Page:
There is now one more reason why the flow rate matters after an offshore oil spill: Botched estimates in the Deepwater Horizon oil spill may help BP avoid financial penalties. BP's recently disclosed plan to challenge the federal government's estimates underscores once again how regulators failed to honestly assess the dangers of offshore drilling before and after the spill. But BP can't be allowed to profit from that failure by paying less than it should for the environmental damage it caused.
When the spill began April 20, the federal government appeared unwilling to question BP's estimates of how much oil was gushing into the Gulf of Mexico. For weeks, the Coast Guard and others — with implicit support from the White House — dramatically underestimated the size of the leak as 1,000 to 5,000 barrels a day. And they contended the government's full-fledged response to contain the damage wouldn't change regardless of how much oil was flowing into the gulf.
But in a testament to the importance of independent and public-interest research, a cadre of well regarded scientists — including Florida State University's Ian MacDonald — finally embarrassed a reluctant government into changing the estimate. After the scientists had publicly criticized the estimates for weeks, the federal government on June 10 finally released a more broadly accepted estimate of 25,000 to 30,000 barrels daily.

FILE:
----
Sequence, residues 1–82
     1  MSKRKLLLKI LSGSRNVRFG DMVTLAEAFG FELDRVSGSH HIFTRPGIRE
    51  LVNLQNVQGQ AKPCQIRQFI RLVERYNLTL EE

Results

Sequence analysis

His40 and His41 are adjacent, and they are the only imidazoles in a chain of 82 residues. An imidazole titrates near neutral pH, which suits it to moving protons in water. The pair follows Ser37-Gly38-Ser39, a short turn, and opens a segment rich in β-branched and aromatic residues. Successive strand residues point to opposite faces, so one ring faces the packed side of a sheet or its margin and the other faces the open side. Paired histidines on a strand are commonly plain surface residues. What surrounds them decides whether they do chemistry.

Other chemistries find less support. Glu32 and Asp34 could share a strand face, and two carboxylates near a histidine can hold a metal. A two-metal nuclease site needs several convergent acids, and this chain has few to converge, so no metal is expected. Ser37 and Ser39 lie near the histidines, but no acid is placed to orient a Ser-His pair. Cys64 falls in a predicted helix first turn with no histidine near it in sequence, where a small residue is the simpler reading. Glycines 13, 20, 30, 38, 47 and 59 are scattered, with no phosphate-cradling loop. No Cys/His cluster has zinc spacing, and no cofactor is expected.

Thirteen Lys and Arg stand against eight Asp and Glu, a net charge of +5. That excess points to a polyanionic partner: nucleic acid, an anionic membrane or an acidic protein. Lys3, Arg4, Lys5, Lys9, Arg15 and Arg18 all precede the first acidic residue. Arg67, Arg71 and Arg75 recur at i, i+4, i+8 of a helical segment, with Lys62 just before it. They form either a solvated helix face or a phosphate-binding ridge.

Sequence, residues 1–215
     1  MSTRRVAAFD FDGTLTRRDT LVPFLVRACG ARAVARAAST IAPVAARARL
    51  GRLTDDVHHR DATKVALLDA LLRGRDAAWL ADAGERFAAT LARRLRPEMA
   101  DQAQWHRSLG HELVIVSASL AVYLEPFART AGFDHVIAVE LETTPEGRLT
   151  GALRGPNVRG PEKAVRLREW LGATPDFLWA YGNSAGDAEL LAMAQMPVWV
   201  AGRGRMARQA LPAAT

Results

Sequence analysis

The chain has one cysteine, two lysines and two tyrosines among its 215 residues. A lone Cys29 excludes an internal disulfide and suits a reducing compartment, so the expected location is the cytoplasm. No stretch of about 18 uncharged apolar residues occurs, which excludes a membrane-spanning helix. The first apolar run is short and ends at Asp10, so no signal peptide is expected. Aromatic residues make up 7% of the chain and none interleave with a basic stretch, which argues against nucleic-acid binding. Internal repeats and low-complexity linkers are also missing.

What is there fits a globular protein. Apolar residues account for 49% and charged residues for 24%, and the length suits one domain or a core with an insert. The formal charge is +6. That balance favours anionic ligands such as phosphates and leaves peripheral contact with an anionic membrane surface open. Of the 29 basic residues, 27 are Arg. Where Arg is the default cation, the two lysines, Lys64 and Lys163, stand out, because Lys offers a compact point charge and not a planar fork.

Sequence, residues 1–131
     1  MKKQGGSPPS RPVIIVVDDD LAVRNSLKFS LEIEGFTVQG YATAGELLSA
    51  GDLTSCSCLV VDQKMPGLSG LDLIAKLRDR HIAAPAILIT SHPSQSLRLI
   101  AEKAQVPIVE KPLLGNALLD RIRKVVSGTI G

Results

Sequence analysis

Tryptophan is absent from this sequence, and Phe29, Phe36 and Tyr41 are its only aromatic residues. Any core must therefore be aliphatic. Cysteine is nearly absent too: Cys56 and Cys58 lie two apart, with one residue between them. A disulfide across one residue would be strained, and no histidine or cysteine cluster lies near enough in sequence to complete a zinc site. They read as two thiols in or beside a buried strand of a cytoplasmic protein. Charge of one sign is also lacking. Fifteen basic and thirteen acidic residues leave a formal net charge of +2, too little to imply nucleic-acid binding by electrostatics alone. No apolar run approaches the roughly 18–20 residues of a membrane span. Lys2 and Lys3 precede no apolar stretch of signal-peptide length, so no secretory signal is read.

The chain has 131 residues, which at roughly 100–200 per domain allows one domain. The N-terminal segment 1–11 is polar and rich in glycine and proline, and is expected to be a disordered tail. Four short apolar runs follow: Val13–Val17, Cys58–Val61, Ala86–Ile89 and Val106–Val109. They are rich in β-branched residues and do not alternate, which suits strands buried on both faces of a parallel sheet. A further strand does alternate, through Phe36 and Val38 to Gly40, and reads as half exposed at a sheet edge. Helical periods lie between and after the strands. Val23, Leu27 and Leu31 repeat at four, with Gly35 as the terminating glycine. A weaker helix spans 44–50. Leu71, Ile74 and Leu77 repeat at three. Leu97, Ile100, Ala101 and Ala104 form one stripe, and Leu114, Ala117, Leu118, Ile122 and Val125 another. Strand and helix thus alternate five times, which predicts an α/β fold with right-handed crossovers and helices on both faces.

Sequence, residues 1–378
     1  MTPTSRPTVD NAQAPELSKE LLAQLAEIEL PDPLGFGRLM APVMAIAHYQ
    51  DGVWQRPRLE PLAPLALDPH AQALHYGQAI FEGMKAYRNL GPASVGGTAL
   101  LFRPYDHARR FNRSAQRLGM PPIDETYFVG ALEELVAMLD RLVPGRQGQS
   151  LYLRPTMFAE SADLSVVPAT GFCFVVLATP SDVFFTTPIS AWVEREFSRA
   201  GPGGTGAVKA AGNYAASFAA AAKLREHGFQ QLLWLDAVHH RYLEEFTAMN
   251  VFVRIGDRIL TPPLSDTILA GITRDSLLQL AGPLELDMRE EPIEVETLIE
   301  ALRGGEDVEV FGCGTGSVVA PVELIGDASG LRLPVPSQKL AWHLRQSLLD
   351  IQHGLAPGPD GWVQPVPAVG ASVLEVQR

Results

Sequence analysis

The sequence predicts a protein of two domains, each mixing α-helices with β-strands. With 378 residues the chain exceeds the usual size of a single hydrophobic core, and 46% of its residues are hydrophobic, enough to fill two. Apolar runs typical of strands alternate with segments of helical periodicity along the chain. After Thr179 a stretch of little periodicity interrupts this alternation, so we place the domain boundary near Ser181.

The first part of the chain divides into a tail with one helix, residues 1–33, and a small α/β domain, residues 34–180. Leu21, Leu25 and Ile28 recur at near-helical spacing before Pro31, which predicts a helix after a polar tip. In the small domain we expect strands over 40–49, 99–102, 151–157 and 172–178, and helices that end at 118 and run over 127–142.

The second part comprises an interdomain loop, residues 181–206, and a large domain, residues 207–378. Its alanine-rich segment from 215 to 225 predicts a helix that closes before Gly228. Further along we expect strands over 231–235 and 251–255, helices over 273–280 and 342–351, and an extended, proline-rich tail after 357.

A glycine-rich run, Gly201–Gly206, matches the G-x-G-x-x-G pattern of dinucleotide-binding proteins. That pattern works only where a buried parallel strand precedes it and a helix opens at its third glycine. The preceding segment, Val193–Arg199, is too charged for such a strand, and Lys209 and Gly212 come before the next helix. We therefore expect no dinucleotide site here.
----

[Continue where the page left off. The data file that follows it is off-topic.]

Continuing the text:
Now the spill commission appointed by President Barack Obama has confirmed that the size of the leak mattered. The commission said the low estimates may have hindered response and the sense of urgency.
Perhaps even more infuriating, however, is that all this dilly-dallying may ultimately help BP skirt responsibility. The company in October wrote the spill commission that it planned to challenge the government's spill estimates, contending they are inflated by 20 to 50 percent. There is a clear financial incentive. Under the Clean Water Act, BP faces fines of between $5.4 billion and $21 billion, or $1,100 to $4,300 for each barrel of oil released into the gulf. Cutting the estimate in half could save BP up to $10.5 billion. By way of comparison: The entire Environmental Protection Agency budget in 2010 was $10.3 billion.
So more than seven months after the explosion, the same BP that hindered every effort to accurately measure how much oil was flowing from the damaged rig now contests the estimate of how much oil spilled so it can reduce the size of its fine. President Obama and U.S. Rep. Kathy Castor, D-Tampa, are encouraging Congress to agree to set aside the vast majority of BP's fines for the gulf states' restoration plans. That only makes sense considering the oil spill's impact will unfold for years to come. But just as important is marshaling federal resources and scientific data to ensure that BP pays for what it spilled, not just the barrels it's willing to claim.